Micromys minutusThe harvest mouse, Micromys minutus, is a small rodent native to Europe and Asia. It is typically found in fields of cereal crops, such as wheat and oats, in reed beds and in other tall ground vegetation, such as long grass and hedgerows. It has reddish-brown fur with white underparts and a naked, highly prehensile tail, which it uses for climbing. It is the smallest European rodent; an adult may weigh as little as 4 grams (0.14 oz). It eats chiefly seeds and insects, but also nectar and fruit. Breeding nests are spherical constructions carefully woven from grass and attached to stems well above the ground.

"To a Mouse ("Wee, sleekit, cowran, tim'rous beastie")" is a Poem by Robert Burns (November 1785).

"To a Mouse, on turning up her nest with the plow, November 1785.

Wee, sleekit, cow'rin', tim'rous beastie,

Oh, what a panic's in thy breastie!

Thou needna start awa' sae hasty,

Wi' bickering brattle!

I wad be laith to rin and chase thee,

Wi' murd'ring pattle!

I'm truly sorry man's dominion

Has broken Nature's social union,

And justifies that ill opinion,

Which makes thee startle

At me, thy poor earth-born companion

And fellow-mortal!

I doubtna, whiles, but thou may thieve;

What then? poor beastie, thou maun live!

A daimen icker in a thrave

'S a sma' request:

I'll get a blessin' wi' the lave,

And never miss 't!

Thy wee bit housie, too, in ruin!

Its silly wa's the win's are strewin'!

And naething now to big a new ane

O' foggage green,

And bleak December's winds ensuin',

Baith snell and keen!

Thou saw the fields laid bare and waste,

And weary winter comin' fast,

And cozie here, beneath the blast,

Thou thought to dwell,

Till, crash! the cruel coulter passed

Out through thy cell.

That wee bit heap o' leaves and stibble

Has cost thee monie a weary nibble!

Now thou's turned out for a' thy trouble,

But house or hald,

To thole the winter's sleety dribble,

And cranreuch cauld!

But, Mousie, thou art no thy lane,

In proving foresight may be vain:

The best-laid schemes o' mice and men

Gang aft a-gley,

And lea'e us naught but grief and pain,

For promised joy.

Still thou art blest, compared wi' me!

The present only toucheth thee:

But, och! I backward cast my e'e

On prospects drear!

And forward, though I canna see,

I guess and fear."

Written by Burns after he had turned over the nest of a tiny field mouse with his plough. Burns was a farmer and farmers are generally far too busy to be concerned with the health of mice. This poem is another illustration of Robert Burn's tolerance to all creatures and his innate humanity.

"Surely one of the finest poems written by Burns, containing some of the most famous and memorable lines ever written by a poet, yet, to this day not really understood by the mass of English-speaking poetry lovers, for no other reason than that the dialect causes it to be read as though in a foreign language. All readers of Burns know of the "Wee sleekit cow'rin tim'rous beastie" but not many understand the sadness and despair contained within the lines of this poem. What was the Bard saying when he was inspired by turning up a fieldmouse in her nest one day while out ploughing?" - George Wilkie.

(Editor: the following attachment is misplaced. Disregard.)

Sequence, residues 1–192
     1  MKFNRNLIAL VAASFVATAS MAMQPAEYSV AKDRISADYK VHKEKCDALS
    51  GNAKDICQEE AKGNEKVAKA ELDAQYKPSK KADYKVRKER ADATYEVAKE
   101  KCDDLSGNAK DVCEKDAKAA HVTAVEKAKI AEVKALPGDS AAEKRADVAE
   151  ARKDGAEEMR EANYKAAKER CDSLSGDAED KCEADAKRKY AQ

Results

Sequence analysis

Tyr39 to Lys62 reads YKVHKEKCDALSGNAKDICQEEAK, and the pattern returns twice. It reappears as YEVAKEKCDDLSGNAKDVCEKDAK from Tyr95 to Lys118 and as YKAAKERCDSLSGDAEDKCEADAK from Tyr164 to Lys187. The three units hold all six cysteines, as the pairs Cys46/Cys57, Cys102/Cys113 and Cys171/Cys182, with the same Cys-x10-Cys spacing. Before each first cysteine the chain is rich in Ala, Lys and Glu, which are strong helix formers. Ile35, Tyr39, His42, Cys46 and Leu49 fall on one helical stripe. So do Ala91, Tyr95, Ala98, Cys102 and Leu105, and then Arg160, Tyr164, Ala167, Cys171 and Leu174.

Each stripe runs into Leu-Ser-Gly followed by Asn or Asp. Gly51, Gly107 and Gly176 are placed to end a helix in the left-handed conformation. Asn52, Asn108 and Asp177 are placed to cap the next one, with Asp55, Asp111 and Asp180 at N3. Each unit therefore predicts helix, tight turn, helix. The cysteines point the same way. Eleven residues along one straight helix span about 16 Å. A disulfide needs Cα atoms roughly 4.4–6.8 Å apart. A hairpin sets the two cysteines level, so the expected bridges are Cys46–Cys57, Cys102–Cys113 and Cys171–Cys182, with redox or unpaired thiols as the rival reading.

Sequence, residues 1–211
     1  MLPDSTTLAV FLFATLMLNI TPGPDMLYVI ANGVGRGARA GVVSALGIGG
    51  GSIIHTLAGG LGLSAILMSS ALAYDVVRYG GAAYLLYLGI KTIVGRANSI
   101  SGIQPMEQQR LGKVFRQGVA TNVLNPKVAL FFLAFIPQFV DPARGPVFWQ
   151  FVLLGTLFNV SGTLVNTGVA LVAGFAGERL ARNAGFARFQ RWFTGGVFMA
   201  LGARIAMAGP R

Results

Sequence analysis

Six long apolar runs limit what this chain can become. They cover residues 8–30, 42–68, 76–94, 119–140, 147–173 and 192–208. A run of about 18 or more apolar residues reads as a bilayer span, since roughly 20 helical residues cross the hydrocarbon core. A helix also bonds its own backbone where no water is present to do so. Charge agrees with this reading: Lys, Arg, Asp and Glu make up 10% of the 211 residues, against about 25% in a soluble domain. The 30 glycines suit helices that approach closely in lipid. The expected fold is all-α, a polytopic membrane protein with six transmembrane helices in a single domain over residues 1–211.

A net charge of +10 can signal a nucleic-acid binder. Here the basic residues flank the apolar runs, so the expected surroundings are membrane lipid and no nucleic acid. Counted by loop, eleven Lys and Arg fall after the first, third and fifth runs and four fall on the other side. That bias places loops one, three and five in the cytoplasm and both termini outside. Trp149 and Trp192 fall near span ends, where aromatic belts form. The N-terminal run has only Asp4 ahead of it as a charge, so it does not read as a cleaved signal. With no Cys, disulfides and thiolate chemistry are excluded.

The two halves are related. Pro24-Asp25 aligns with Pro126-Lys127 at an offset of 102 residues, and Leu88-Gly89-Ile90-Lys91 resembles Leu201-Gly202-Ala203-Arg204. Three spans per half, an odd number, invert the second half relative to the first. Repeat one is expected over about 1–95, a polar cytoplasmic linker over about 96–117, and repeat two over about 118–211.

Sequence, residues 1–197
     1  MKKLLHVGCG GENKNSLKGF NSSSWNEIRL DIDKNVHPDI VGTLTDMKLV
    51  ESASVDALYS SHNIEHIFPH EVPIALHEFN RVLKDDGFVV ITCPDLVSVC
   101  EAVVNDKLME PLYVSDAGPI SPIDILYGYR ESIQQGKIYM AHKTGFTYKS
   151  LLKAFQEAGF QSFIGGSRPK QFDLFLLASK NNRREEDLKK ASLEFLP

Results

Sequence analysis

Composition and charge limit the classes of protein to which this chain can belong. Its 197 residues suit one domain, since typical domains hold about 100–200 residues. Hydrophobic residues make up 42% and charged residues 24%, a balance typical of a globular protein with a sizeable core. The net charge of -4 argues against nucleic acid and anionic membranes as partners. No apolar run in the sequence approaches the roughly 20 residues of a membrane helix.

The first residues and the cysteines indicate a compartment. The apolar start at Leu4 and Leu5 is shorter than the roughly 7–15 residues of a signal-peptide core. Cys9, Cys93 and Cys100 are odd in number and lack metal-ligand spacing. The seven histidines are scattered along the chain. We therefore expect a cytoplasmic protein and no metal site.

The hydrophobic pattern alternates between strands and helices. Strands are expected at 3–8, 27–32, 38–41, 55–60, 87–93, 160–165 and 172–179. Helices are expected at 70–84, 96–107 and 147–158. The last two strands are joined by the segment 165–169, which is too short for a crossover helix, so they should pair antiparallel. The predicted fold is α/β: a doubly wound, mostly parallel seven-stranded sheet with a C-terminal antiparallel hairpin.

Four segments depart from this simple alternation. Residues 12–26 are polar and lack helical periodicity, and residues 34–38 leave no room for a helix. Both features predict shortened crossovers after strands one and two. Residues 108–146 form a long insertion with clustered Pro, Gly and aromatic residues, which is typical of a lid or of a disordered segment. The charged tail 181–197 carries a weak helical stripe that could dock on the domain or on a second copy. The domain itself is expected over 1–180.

Thanks to George Wilkie for letting us have this explanation of this poem from his book, "Understanding Robert Burns".

Poem number 2:

Nearby mouse are two wild roses.

"A Red, Red Rose. 1794

O my luve's like a red, red rose.

That's newly sprung in June;

O my luve's like a melodie

That's sweetly play'd in tune.

As fair art thou, my bonnie lass,

So deep in luve am I;

And I will love thee still, my Dear,

Till a'the seas gang dry.

Till a' the seas gang dry, my Dear,

And the rocks melt wi' the sun:

I will luve thee still, my Dear,

While the sands o'life shall run.

And fare thee weel my only Luve!

And fare thee weel a while!

And I will come again, my Luve,

Tho' it were ten thousand mile!"

"A Red, Red Rose" is a 1794 song in Scots by Robert Burns based on traditional sources. The song is also referred to by the title "Oh, My Love is Like a Red, Red Rose", "My Love is Like a Red, Red Rose" or "Red, Red Rose" and is often published as a poem.

The song is highly evocative, including lines describing rocks melting with the sun, and the seas running dry. Burns may have been inspired by the concept of deep time put forward a few years earlier by geologist James Hutton in his Theory of the Earth in 1789. Hutton and Burns were contemporaries, and would have mixed in similar circles in Edinburgh.

Denomination in numeral is in top left corner.


On July 21, 1996 the Clydesdale Bank PLC was released the anniversary Set of 4 banknotes, dedicated to the 200th anniversary of the Robert Burns' death.

In general, outwardly, the banknotes repeated the design of 5 pounds, introduced by the bank since 1971, but with some exceptions:

1) From the hands of the poet's the feather pen is removed.

2) From the table removed the book.

3) In the center of the bill appeared micro print CB5 (Clydesdale Bank 5), which was not previously there.

4) In the lower right corner now is a round through (coincident) image of sailing ship with oars.

On each of 4 banknotes, on obverse, is an excerpt from a poem by Robert Burns!!!

The first digit of the serial number running sequentially.

Prefix of commemorative banknotes is R/B, which are the initials of the poet.